According to China Association of Automobile Manufacturers (CAAM), automakers in China sold 18,505,100 new vehicles last year, 2.45% more than 2010, which also creates a historically high. The annual growth rate dropped sharply from the 32.37% seen in 2010. Production rose slight 0.84% to 18,418,900 units. Passenger car sales gained 5.19% on year to 14,472,400, as 14,485,300 units were produced, 4.32% more than 2010. The commercial vehicle market shrank 6.31% to 4,032,700, as production dropped 9.94% to 3,933,600.

Shanghai GM sold 1.23 million cars in 2011, up 18.5 percent from a year earlier. The sales in China are expected to see more growth in the future and It is widely believed that China’s automobile market currently has the most growth potential around the world. The sales of automobile in Shanghai always took a large amount in Shanghai, so Holden expect a huge potential for sales in Shanghai. According to a survey, the domestic market of share for automobile industry in China is 29%, which means that the majority of market share is took up by foreign brand. It is great news for Holden that can make use of its great competitiveness to enter in Chinese market, especially Shanghai.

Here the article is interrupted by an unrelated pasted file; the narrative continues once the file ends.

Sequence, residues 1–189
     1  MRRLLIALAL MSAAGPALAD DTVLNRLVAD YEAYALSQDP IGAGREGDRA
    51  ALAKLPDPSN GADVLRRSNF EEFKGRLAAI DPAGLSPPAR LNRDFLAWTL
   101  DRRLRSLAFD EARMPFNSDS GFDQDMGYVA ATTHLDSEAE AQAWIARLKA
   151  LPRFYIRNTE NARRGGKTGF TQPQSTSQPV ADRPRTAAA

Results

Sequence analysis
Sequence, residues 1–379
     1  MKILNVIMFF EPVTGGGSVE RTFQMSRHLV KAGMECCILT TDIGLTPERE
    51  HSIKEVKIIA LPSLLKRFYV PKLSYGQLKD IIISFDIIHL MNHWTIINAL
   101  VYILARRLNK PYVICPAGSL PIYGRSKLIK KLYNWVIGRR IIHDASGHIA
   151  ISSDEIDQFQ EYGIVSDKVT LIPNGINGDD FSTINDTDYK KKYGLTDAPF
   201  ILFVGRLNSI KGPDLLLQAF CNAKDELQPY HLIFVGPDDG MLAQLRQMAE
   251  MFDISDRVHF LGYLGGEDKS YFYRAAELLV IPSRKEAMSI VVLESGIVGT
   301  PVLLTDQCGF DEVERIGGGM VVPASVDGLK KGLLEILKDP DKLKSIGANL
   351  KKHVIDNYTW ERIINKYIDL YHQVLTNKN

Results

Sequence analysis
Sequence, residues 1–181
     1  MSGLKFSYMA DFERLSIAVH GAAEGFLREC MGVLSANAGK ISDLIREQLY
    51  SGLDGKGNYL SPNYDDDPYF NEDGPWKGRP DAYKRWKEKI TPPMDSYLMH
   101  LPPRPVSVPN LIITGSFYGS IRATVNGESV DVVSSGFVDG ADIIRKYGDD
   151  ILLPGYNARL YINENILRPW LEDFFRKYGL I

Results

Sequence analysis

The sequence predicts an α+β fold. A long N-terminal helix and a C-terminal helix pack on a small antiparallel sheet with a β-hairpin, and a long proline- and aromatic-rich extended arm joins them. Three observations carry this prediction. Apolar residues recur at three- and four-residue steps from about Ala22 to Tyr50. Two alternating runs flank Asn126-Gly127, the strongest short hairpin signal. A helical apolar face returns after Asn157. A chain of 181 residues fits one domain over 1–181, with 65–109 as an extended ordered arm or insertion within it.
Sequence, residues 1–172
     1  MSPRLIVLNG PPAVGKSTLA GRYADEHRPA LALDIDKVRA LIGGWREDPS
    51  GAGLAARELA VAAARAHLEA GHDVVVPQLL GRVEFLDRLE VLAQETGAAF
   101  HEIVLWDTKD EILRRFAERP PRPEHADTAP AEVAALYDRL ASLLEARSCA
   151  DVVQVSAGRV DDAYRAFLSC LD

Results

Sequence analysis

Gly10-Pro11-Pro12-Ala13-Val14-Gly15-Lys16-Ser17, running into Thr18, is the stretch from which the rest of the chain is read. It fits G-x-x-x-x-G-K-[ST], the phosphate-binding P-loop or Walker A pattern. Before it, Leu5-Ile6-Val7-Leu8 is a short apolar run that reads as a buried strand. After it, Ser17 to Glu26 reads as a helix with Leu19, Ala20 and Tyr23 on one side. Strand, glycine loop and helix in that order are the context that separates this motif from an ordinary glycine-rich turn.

3.0. Market entry strategies

Marketing entry means that the government of a nation allows citizen or legal person to enter the market to do business and commercial activities. The system for marketing entry indicates the control and management of the government on the market. The purpose of market entry is to stabilize the source of tax and rationally allocate resources. In addition, the market entry aims to pursue public safety and health and maintain sustainable development. The ultimate goal of marketing entry is to maintain free and equal competition for participants, which means that the global market is unified. However, the marketing entry is a process, different country will have various degree for openness considering their economic development level.